Breast cancer vaccine can be a possibility provided researchers look closely at the hormonal changes associated with childbirth and act of breastfeeding, a leading expert has suggested.
Professor Valerie Beral of Oxford University said that childbirth and breastfeeding are known to prevent breast cancer.
"Why aren't we thinking of mimicking the effects of childbirth?" Guardian.co.uk quoted, her, as saying.
"We don't know how this happens and nobody is doing research on it. e should be looking at hormone production during late pregnancy and lactation," she added.
During the study, Beral used large amounts of statistical data to identify the traits or behaviour that put women at risk of breast cancer.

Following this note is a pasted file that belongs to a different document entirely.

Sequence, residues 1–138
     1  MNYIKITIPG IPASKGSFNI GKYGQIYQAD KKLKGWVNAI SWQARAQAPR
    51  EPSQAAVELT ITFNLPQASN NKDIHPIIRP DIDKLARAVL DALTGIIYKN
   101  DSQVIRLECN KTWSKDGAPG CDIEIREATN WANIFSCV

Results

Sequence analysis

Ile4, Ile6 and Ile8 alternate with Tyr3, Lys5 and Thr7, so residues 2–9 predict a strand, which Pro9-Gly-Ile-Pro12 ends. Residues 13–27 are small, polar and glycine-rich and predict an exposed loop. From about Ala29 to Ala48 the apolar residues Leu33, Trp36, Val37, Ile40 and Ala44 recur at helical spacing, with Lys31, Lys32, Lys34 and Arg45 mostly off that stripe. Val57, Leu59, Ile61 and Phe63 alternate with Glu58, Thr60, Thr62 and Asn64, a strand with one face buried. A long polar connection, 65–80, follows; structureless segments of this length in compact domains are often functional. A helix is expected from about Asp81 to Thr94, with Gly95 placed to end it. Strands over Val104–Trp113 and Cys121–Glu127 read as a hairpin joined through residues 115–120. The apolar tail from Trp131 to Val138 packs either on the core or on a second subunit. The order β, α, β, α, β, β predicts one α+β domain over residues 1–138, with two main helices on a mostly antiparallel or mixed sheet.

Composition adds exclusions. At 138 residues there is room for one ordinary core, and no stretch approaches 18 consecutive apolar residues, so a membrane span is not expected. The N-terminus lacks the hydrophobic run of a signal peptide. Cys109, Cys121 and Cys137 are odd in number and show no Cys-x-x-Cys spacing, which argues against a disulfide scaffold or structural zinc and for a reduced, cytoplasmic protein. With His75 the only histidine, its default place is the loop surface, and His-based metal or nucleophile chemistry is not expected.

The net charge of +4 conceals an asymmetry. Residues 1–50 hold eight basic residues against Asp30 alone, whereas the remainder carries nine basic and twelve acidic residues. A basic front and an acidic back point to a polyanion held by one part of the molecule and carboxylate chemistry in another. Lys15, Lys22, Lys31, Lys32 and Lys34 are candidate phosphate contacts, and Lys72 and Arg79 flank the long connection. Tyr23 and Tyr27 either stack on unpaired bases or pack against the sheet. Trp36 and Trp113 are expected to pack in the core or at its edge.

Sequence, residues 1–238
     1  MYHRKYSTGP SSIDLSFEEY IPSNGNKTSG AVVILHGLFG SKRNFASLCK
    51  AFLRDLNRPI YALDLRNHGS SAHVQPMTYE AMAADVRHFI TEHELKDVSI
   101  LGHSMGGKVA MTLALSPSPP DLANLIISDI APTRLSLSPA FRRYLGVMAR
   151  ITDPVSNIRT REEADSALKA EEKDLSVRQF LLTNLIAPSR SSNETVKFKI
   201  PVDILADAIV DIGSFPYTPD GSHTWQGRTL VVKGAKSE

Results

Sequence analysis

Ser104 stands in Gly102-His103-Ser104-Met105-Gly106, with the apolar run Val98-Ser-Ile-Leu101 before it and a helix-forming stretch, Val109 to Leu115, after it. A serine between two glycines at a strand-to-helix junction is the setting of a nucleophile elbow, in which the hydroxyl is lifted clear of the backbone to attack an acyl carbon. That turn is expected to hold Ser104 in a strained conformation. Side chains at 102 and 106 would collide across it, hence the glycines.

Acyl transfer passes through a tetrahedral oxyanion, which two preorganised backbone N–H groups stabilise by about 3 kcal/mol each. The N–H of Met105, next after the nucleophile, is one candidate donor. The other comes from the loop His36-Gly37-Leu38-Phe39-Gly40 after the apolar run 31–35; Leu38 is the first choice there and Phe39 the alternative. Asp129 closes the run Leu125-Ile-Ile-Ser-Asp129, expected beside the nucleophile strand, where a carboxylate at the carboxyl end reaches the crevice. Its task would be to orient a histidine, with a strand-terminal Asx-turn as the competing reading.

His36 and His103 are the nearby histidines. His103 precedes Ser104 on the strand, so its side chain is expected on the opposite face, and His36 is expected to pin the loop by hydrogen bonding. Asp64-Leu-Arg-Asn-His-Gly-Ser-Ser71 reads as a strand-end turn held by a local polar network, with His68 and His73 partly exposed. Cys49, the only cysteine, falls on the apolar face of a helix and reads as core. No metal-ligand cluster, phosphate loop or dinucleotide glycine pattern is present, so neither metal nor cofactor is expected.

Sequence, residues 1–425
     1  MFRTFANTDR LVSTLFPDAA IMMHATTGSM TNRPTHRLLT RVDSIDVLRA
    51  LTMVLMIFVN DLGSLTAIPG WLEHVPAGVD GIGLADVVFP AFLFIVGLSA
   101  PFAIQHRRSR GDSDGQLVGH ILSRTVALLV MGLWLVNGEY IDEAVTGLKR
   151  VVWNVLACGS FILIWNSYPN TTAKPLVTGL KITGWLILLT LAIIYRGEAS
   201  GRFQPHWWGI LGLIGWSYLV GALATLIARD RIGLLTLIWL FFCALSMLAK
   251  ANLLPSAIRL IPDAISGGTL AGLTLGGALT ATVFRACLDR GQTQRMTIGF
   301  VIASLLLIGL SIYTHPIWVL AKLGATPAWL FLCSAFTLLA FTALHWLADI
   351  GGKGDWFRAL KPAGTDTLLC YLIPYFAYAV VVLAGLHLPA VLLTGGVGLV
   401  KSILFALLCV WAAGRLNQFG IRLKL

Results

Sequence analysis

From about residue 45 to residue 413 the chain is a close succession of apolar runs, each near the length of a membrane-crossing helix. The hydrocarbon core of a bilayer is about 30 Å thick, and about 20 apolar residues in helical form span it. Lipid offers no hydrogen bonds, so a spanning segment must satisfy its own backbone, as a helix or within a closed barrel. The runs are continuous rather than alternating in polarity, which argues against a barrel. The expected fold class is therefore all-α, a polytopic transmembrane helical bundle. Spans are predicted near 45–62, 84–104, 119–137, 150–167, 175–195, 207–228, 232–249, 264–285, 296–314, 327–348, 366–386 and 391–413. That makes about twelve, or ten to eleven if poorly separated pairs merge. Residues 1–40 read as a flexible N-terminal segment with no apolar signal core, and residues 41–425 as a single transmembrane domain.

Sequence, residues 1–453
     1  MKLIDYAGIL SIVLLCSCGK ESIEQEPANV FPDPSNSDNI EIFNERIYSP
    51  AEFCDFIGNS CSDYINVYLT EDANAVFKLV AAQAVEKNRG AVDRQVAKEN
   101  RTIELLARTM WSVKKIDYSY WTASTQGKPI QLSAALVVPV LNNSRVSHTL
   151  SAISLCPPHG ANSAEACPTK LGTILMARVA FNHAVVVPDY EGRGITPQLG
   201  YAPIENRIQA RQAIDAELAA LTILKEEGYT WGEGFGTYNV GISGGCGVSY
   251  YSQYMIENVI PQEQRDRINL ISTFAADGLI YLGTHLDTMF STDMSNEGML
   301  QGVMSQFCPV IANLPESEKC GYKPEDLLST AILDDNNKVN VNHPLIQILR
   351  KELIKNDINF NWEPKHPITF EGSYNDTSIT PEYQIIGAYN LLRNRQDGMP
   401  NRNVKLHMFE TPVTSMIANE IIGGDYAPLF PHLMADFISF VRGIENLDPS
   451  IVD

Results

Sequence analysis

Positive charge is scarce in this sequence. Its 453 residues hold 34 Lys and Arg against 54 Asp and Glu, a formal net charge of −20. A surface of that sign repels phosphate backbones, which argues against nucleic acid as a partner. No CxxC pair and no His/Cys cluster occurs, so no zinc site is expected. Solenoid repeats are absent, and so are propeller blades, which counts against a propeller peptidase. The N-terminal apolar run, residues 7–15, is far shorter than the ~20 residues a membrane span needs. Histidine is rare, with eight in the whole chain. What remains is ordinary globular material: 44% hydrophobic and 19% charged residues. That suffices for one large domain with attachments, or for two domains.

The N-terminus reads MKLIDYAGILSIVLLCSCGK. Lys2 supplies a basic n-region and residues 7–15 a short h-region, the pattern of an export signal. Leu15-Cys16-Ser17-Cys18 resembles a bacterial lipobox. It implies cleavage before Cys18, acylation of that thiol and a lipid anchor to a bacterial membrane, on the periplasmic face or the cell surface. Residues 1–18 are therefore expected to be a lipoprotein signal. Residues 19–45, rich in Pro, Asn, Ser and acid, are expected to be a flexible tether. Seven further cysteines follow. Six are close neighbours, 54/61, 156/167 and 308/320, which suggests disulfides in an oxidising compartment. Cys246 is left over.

She cited the example of cervical cancer, where most cases were found to be caused by the humanpapilloma virus, which led to the development of a vaccine that is now given to schoolgirls aged 12 and 13.
Beral believes that a more interesting candidate for study is prolactin.
"The one hormone that has to do with breast changes doesn't appear until late pregnancy. It goes up exponentially. It produces the changes in the breast that make for lactation," she said.
"Why isn't anyone looking at it?" Whichever hormone or hormones are responsible, short-term exposure during late pregnancy and breast-feeding provides life-long protection, which is exactly what, is required of a vaccine or preventive drug.
But "fewer than a dozen people" are looking in this direction, she said.
"It is not well-funded. It is not mainstream research. Why isn't it a priority of the cancer community?"
She said if somebody made the breakthrough that led to the prevention of breast cancer, it would win a Nobel Prize.